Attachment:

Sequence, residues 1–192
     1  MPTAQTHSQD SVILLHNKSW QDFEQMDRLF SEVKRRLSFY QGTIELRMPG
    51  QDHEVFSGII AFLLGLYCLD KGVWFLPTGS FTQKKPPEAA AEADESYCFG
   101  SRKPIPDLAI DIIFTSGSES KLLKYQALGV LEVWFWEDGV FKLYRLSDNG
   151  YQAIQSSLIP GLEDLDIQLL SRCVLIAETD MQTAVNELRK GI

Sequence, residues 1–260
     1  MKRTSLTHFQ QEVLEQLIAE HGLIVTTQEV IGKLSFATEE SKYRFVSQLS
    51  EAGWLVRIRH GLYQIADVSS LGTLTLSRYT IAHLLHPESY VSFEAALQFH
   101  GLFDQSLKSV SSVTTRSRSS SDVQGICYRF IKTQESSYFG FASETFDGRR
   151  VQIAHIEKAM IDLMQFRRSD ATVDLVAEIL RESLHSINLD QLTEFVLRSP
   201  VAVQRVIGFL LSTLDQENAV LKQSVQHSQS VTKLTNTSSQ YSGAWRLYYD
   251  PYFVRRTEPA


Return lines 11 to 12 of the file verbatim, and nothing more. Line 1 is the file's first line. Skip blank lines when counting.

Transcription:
   201  VAVQRVIGFL LSTLDQENAV LKQSVQHSQS VTKLTNTSSQ YSGAWRLYYD
   251  PYFVRRTEPA